In 1905 the New York Butcher’s Dressed Meat Company opened a six story slaughterhouse at 495 Eleventh Avenue between West 39th and West 40th Street. Today the site is located directly above the Lincoln Tunnel. Back then there was a railway leading into the basement of the slaughterhouse that delivered live cattle. The building had an open air “roof garden” for the cattle to spend their final moments. The slaughterhouse was in operation until the late 1950’s. In the 1960’s and 1970’s it was used as an office building and warehouse. The building was demolished after an unsuccessful move to confer landmark status to the slaughterhouse in 1988.
The erection of a high-rise building there is a potential security issue for the tunnel’s eighteen million annual drivers and a safety issue for the thousands of residents who reside within the discussed building’s toppling distance in the event of a terrorist attack. In a post 9/11 world such vulnerability deserves a professional security and threat assessment study to be performed. Not only has that study not been performed, it is not even mentioned in the RFP.
Although the approximate 25,000 square foot site is currently zoned for manufacturing uses it is anticipated that the new developer will seek rezoning to allow residential development. There is currently no City mandated height restriction for how tall the new building can be. Manhattan Community Board 4 would like the building to be no taller than 45 stories. Although restricting the height of the building is a move in the right direction by CB4, 45 stories is still an unsafe height.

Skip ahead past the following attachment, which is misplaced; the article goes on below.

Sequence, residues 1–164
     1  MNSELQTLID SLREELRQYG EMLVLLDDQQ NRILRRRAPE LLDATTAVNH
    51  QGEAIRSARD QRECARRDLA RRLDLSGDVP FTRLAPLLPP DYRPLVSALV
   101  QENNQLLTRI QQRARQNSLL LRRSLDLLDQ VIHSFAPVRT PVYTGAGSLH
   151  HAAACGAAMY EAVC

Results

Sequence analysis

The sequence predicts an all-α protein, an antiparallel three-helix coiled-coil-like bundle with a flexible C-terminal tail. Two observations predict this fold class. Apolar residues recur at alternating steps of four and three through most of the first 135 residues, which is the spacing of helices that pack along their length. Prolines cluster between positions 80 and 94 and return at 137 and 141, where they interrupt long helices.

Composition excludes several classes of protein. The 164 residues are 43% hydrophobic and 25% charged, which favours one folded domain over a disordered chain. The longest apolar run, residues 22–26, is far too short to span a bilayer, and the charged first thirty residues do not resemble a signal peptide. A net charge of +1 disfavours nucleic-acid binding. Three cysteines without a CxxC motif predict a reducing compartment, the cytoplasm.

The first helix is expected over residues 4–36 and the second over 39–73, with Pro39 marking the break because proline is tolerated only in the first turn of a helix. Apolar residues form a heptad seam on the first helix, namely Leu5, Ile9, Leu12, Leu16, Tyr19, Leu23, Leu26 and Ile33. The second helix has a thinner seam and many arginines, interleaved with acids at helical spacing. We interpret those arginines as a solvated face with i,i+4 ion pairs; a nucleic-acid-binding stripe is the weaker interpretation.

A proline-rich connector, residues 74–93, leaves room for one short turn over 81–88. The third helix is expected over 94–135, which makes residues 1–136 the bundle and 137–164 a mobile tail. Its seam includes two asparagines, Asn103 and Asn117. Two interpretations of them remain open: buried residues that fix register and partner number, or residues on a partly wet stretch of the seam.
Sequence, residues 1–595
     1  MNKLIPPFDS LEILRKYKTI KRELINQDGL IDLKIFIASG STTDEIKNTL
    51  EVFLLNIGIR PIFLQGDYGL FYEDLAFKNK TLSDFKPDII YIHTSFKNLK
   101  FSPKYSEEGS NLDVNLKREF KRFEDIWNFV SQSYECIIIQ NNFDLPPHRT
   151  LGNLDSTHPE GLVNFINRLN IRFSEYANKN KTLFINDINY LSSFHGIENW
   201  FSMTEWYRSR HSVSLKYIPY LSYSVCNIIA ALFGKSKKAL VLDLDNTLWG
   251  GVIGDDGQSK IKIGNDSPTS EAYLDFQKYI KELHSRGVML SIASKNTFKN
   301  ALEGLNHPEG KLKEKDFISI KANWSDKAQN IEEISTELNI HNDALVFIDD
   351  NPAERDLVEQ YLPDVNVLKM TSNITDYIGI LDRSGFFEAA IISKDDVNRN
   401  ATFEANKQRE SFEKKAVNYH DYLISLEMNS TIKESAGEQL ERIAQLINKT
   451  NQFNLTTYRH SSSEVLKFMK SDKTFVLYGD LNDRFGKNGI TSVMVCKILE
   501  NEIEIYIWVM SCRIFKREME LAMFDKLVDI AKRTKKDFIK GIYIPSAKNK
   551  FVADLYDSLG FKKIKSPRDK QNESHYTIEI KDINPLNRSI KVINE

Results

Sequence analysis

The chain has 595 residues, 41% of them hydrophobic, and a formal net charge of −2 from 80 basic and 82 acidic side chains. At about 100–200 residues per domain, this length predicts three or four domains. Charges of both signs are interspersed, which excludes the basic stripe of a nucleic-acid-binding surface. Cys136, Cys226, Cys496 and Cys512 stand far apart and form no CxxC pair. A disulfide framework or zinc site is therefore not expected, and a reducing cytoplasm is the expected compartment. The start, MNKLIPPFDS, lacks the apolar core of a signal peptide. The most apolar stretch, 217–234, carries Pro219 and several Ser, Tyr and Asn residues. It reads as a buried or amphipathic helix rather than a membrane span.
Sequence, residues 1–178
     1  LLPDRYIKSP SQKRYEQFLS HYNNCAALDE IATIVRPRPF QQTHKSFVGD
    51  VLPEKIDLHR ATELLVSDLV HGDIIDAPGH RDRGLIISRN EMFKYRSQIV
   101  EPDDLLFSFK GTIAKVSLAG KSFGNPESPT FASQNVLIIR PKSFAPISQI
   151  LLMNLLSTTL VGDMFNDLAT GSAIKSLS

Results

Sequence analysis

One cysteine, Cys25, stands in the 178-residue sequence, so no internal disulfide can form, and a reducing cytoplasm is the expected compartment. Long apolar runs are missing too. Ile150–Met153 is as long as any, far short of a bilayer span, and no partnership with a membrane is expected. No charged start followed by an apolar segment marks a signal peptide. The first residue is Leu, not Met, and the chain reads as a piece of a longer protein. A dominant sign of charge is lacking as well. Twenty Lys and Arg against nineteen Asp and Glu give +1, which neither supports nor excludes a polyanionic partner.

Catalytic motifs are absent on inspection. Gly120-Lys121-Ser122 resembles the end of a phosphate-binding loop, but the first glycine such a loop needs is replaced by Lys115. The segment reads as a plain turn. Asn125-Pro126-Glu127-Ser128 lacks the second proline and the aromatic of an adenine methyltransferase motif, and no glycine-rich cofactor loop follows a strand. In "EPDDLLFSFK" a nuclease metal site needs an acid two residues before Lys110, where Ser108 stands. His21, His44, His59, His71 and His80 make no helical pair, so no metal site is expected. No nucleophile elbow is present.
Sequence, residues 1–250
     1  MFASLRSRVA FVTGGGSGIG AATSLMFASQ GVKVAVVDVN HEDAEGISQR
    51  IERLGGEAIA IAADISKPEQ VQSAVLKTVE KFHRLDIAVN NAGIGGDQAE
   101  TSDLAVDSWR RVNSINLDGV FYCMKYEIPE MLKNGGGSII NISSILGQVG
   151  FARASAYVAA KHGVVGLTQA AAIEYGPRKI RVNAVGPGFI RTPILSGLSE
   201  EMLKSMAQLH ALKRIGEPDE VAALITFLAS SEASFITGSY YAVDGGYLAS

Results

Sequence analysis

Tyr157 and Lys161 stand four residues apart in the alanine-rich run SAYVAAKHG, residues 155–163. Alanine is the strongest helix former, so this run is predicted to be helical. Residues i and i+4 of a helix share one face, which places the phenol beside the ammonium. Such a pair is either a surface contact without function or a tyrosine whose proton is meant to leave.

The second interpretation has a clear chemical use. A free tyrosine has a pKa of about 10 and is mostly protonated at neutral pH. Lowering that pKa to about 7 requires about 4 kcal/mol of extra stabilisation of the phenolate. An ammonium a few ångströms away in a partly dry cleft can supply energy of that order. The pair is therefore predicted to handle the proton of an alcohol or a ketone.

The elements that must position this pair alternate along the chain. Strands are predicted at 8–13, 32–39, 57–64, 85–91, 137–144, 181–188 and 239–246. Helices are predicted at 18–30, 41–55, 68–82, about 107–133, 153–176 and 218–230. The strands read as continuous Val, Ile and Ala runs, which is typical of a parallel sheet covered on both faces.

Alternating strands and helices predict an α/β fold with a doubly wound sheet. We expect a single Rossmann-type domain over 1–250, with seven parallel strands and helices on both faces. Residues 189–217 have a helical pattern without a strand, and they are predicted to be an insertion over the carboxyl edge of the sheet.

Let us not forget that in 1993 the FBI derailed Sheik Omar Abdel-Rahman plots that targeted the Lincoln Tunnel. Who knows how many other plots involving the Lincoln Tunnel have been foiled that we do not know about due to national security concerns.
To blindly proceed forward with a high-rise building is myopic, irresponsible and putting profit over people’s safety. Our elected officials’ primary duty is to ensure the safety of its citizens first. In this instance there may be practical alternatives that would allow the City to have its cake and eat it too in the form of realizing a handsome profit from selling the site’s air rights while transferring affordable housing units elsewhere within CB4 where they are more needed.
Since the land is owned by the City, and not privately, the City has advantageous flexibility and powers enabling it to achieve a safe and practical solution that a private owner would not have at their disposal. What possible excuse could exist to avoid adopting a win-win solution? The next installment in this series of articles will address that question and many more.
This site was the site of bloodshed for decades. With creative planning and intelligent foresight we can guarantee that it will never be a slaughterhouse again.